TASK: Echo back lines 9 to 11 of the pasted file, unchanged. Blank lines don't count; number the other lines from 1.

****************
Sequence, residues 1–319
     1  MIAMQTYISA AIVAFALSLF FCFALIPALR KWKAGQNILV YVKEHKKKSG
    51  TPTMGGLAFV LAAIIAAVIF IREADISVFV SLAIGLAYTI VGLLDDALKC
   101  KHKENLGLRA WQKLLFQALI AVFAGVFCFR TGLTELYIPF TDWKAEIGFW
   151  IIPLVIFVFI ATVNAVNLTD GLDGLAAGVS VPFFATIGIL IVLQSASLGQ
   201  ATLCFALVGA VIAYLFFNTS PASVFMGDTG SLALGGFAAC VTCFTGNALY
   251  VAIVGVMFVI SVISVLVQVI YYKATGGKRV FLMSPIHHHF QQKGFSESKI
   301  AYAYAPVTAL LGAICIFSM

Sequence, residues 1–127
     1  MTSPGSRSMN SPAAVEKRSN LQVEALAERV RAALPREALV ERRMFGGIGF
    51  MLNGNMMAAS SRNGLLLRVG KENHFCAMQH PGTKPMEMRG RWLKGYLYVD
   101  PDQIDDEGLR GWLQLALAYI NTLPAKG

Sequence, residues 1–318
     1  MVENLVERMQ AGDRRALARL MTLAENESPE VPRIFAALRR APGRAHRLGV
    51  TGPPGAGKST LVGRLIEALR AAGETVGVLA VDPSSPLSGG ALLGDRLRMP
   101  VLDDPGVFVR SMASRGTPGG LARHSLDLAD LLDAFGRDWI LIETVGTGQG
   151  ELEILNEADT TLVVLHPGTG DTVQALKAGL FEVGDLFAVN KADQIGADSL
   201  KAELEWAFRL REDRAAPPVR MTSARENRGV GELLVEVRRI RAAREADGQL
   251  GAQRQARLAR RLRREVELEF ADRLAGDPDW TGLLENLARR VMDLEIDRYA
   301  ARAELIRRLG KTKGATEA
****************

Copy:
Sequence, residues 1–127
     1  MTSPGSRSMN SPAAVEKRSN LQVEALAERV RAALPREALV ERRMFGGIGF
    51  MLNGNMMAAS SRNGLLLRVG KENHFCAMQH PGTKPMEMRG RWLKGYLYVD